Yet the evidence to date indicates that there seems to be little appetite among either the makers and distributors of games or the consumers of them for what we might term "serious subjects". On the few occasions subjects of substance are used it tends to be in an uncritical, unquestioning way. SCI's Conflict: Desert Storm may provide some good gameplay, but a considered critique of the West's approach to the 1991 Gulf War it is not. Imagine, though, what video games that tackled serious issues would look like.
Recently Gonzalo Frasca's Ludology site reported the arrival of the video game, 9-11 Survivor. If you haven't heard of it, it's because the mainstream media, including the rabid British tabloids, don't yet seem to have picked up on its existence. On the web, however, the discussion has been lively. My immediate reaction upon reading the title and seeing the screenshots was that this constituted a truly appalling, offensive idea, on a hitherto unprecedented scale even for an often arrogant, manipulative games industry.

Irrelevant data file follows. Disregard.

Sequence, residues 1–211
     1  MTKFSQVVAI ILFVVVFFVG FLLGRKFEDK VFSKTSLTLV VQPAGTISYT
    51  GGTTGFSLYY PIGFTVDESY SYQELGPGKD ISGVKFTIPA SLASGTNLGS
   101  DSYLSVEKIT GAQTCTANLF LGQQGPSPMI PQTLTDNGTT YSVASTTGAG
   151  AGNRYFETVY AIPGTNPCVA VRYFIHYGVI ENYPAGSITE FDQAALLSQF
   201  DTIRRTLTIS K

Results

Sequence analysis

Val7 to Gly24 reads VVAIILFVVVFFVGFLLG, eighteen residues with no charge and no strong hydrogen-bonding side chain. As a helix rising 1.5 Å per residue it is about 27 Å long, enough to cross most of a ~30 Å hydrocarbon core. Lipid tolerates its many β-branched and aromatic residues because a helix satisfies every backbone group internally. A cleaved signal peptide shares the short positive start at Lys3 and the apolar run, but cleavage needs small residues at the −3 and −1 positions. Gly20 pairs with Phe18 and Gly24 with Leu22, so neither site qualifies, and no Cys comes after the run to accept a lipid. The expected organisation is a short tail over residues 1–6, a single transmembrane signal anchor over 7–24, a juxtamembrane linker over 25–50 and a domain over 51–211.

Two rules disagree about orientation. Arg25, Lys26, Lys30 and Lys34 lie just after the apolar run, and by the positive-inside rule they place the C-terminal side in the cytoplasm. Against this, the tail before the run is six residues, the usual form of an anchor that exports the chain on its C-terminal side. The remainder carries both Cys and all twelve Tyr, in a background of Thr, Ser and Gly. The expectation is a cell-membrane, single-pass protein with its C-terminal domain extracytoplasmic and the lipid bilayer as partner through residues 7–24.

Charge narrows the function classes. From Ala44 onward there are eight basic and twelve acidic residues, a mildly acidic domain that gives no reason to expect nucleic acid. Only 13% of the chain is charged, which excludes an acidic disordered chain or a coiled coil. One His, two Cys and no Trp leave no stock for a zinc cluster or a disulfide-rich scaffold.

The truth, as usual with these matters, is more complex than my knee-jerk reaction indicates. In the words of the makers, Kinematic.org, 9-11 Survivor is "a game project that examines the role of media in our culture, and the influence that continuous, hyper exposure has on our overall perception of the distinctions between reality and media mediation". In the parlance 9-11 Survivor is what's called a "mod", a modified version of an existing game scenario which utilises the original's technology but creates new scenarios, spaces or levels. This particular scenario places the player (though the term still makes me wince in this context) in the Twin Towers following the point of impact. On the whole we accept that there will be films, novels, and photography attempting to chart the events of that day, that there must be art after 9-11. Perhaps in fact we could see 9-11 Survivor in the same way we view Picasso's Guernica as an attempt to express the inexpressible. What my and other people's spontaneous outraged responses illustrates is indicative of the wider body politic's view of games as pop culture ephemera unsuited to dealing with issues of weight. At the very least, 9-11 Survivor provokes discussion, which is surely always preferable to respectable silence.